Aphrodisiacs Through the Ages
Can what you eat put you "in the mood"? Would-be lovers have been cooking up aphrodisiac appetizers for thousands of years. But do any of them really work?
Wine, Spanish Fly, and Thou
Alcohol is one of the only things known for ages as an
aphrodisiac that has any real effect on sexual desire. A little alcohol can
dissolve inhibitions and put you in the mood, but overindulgence is said to
have the opposite effect on performance, now as in Shakespeare's time. ("It
increases the desire but it takes away the performance" comes from
Coffee is another old one, and it's still sometimes considered
an aphrodisiac. "Every time you have an excitation, you have an effect of
disinhibition," says Paola Sandroni, MD, a neurologist at the Mayo Clinic.
She reviewed the scientific evidence that exists on many supposed aphrodisiacs,
and published her findings in the journal Clinical Autonomic
But to call coffee or anything that contains caffeine an
aphrodisiac would be misleading. "I think the effect is much more
general," she says. In the same way, cocaine and amphetamines may seem to
be aphrodisiacs because they stimulate the central nervous system, but they
have no specific effects on sexual desire
Sandroni also looked at studies on ambergris, which comes from
the guts of whales and is used in perfumes. Some consider ambergris an
aphrodisiac and there is evidence to support this notion. In animal studies, it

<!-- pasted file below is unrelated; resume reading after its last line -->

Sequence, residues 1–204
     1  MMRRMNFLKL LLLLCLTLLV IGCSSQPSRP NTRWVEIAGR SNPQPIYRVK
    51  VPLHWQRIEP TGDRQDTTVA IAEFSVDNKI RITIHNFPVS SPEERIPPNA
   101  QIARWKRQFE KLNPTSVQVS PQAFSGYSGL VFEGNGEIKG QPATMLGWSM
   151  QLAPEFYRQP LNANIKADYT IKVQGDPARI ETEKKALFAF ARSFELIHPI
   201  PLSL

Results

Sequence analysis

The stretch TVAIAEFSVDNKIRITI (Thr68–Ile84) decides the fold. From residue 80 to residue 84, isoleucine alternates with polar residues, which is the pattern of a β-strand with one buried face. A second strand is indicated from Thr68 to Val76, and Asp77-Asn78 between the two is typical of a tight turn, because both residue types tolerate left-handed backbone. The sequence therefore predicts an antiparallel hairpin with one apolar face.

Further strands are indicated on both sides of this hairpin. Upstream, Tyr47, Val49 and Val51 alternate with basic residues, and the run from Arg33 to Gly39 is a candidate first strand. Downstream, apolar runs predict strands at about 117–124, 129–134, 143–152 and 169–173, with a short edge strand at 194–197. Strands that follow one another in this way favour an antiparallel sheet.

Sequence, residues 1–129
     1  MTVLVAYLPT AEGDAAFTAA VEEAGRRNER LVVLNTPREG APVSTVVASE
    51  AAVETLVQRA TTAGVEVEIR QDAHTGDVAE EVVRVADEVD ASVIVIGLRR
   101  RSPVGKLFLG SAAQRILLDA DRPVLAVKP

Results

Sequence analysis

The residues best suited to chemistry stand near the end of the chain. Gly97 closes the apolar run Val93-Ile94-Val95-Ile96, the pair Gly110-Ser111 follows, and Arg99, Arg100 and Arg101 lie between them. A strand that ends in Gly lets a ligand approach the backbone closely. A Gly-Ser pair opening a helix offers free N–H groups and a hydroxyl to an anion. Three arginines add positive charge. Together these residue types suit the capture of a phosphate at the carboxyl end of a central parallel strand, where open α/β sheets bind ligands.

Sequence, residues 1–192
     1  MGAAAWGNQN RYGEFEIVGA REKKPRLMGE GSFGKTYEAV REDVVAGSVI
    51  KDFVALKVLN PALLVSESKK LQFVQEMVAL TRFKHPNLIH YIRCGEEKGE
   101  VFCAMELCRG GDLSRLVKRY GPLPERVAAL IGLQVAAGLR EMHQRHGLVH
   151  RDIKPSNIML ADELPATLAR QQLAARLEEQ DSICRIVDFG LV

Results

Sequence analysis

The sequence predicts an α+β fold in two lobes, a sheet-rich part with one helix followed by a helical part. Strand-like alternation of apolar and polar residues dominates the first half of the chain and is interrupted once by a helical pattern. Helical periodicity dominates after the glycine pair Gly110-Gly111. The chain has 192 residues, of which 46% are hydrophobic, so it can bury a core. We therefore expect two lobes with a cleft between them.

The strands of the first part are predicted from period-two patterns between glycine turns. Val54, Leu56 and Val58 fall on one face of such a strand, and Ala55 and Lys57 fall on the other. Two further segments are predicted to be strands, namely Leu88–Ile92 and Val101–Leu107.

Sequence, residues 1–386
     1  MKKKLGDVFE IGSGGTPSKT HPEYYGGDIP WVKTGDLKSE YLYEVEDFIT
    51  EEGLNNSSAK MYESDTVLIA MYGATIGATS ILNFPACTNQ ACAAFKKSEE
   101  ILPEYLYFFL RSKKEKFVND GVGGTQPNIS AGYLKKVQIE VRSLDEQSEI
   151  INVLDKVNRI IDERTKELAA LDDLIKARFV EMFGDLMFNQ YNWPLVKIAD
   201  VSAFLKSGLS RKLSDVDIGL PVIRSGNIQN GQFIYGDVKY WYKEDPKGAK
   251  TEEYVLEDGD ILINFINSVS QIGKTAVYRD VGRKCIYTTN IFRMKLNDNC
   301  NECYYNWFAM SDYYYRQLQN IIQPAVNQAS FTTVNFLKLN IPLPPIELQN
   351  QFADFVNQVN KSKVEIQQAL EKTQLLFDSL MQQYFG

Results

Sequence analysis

increased levels of testosterone in the blood, which is essential to the male
sex drive, and is thought to play a part in women's libido as well.
Next to oysters, the most well known aphrodisiac is the fabled
"Spanish fly." It's not just a legend. Such a thing does exist. Its
active ingredient is the chemical cantharidin, which is found in blister
beetles. Cantharidin irritates genital membranes, and so it is believed to be
arousing. It's also deadly, causing kidney malfunction or gastrointestinal
hemorrhages in people who ingest too much. A quick Internet search is all it
takes to find some for sale. Sandroni says she was "horrified" to see
how easy it is to buy.
Then there's the "herbal Viagra" pitched in spam
emails. This is yohimbe bark. Some claim, falsely, that arginine, an amino acid
in yohimbe, can restore erectile function and act as an aphrodisiac. "The
only saving grace there is that arginine in large quantity is not harmful,"
says Cynthia Finley, a dietician at Johns Hopkins University.
The Roman poet Ovid wrote in The Art of Love, after
giving a litany of aphrodisiacs, "Prescribe no more my muse, nor medicines
give / Beauty and youth need no provocative." Similarly, Finley says she
thinks the only true aphrodisiac is good health achieved by a balanced diet --
which isn't all that different from what St. Thomas Aquinas said 800 years